- Windproof Performance: 100% primary air combustion, enclosed design & internal pressure regulator work together to make stove virtually impervious to outside conditions
- Compact Design: Conveniently packs the stove burner, 4 Ounce (110g) IsoPro fuel canister (sold separately), and folding canister stand inside the 1.0-Liter Pot. Extra full-sized bowl snaps onto the outside
The MSR WindBurner is one of the best performing and highest quality backpacking stoves available. Maximizin efficiency in all weather systems is where the MSR WIndBurner stove really stands out.
The entire system packs into the pot and ends up being around the size of a 32 ounce water bottle. There’s a plastic lid to keep everything from falling out, the canister stand is next, then the stove, and a soft cleaning cloth at the bottom. These’s also a plastic measuring cup that attaches around the metal portion of the bottom of the pot.
The burner on the MSR WindBurner stove is an innovative feature that includes a radiant stove with a wide burner head. There is an integrated
- The windscreen on the burner protects the flame from the elements
- The inside of the aluminum pot has measuring lines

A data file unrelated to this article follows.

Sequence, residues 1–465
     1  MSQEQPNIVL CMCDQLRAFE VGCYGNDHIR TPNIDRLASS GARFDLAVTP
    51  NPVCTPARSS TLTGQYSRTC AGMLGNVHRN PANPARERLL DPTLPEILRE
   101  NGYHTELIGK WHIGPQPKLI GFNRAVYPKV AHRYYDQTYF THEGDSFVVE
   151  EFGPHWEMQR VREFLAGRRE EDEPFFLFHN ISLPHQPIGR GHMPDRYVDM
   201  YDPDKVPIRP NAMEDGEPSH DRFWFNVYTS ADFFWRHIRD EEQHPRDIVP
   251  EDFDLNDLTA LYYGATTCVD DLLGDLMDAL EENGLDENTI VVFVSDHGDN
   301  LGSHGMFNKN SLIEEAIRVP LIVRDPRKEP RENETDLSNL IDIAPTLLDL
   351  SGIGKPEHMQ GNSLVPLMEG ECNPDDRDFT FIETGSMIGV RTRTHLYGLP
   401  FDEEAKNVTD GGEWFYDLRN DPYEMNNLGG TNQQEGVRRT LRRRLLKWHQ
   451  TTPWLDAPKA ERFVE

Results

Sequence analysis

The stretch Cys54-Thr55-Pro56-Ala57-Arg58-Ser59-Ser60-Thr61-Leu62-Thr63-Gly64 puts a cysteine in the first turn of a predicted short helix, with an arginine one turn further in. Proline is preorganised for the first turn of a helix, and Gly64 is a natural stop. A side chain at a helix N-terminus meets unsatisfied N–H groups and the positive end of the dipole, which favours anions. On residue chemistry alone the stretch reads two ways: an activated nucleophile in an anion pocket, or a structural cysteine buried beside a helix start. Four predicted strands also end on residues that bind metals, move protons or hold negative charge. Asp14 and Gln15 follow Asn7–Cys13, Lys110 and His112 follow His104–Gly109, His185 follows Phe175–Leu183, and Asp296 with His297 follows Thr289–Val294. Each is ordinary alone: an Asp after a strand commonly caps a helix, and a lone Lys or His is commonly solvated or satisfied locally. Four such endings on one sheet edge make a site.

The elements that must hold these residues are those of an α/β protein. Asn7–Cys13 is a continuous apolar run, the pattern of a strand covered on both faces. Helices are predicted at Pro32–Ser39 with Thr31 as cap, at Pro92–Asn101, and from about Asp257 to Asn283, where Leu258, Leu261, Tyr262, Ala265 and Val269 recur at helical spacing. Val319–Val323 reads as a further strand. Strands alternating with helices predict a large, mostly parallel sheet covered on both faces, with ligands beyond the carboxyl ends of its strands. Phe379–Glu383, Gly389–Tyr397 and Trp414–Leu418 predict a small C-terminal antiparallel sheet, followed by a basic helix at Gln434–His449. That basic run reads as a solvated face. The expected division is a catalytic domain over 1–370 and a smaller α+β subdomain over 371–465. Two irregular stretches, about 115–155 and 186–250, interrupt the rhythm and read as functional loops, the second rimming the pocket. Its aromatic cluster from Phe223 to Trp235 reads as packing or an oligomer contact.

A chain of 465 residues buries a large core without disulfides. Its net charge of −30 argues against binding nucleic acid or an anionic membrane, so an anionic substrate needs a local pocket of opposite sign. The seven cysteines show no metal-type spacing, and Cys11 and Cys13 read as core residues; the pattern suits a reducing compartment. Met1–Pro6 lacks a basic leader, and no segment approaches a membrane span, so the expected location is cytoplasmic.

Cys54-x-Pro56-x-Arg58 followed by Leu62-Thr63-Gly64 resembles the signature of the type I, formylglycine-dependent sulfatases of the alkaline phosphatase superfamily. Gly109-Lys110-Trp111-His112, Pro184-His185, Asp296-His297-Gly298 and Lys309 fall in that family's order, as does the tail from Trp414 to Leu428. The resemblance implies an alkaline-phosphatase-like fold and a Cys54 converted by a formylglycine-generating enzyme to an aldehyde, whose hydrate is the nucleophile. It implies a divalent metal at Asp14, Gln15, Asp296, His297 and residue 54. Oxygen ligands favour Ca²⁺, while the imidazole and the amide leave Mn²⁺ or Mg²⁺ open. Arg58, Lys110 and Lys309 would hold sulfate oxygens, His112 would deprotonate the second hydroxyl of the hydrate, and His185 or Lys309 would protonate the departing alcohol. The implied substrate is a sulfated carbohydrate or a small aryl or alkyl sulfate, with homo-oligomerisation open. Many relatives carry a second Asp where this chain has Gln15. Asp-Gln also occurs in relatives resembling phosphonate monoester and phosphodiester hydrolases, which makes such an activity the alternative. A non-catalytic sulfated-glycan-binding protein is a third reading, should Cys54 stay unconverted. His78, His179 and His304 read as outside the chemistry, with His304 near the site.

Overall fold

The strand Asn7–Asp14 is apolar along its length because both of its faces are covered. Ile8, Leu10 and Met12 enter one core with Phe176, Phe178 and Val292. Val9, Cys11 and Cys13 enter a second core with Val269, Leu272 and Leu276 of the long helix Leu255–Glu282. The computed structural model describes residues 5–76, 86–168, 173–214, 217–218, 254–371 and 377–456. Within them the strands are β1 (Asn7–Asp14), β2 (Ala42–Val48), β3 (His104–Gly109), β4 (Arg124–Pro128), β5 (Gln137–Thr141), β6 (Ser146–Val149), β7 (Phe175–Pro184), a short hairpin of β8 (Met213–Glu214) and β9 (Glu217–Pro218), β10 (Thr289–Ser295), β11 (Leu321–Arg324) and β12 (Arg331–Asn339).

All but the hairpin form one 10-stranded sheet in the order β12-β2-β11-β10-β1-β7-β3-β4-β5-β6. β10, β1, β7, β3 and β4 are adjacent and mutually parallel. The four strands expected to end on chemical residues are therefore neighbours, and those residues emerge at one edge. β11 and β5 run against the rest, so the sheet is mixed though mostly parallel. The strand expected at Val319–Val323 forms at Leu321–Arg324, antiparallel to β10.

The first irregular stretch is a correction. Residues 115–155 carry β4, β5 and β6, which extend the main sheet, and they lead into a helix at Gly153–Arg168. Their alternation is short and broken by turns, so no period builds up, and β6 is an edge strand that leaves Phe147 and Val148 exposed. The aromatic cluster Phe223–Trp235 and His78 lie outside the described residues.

- Handle one the side that protects your hands from burns
- Fuel canister sold separately
- Lacks an auto igniter
- Temperature control doesn’t have a practical use (simmering is difficult)
Which stove do you choose?
Both the MSR WindBurner and the Jetboil Flash are high-quality backpacking stoves. Designed specifically for use outdoors, they
The MSR WindBurner stays true to its name and performs better in extreme weather conditions. The design of the burner with the integrated wind screen protects the flame from wind, rain, and cold temperatures. It is slightly heavier and takes longer to boil water, however, it outperforms the Jetboil when it comes to bad weather.
The Jetboil Flash is a lighter stove with a lower price point, so if your looking for a high-quality budget backpacking stove the Jetboil should be your pick. It also boils water faster, however, the burn time is significantly lower than the WindBurner.
There’s a reason that these 2 stoves are consistently found in the backpacks of adventurers all around the world. Either one you pick, chances are, you won’t be disappointed. As always, get lost and keep wandering.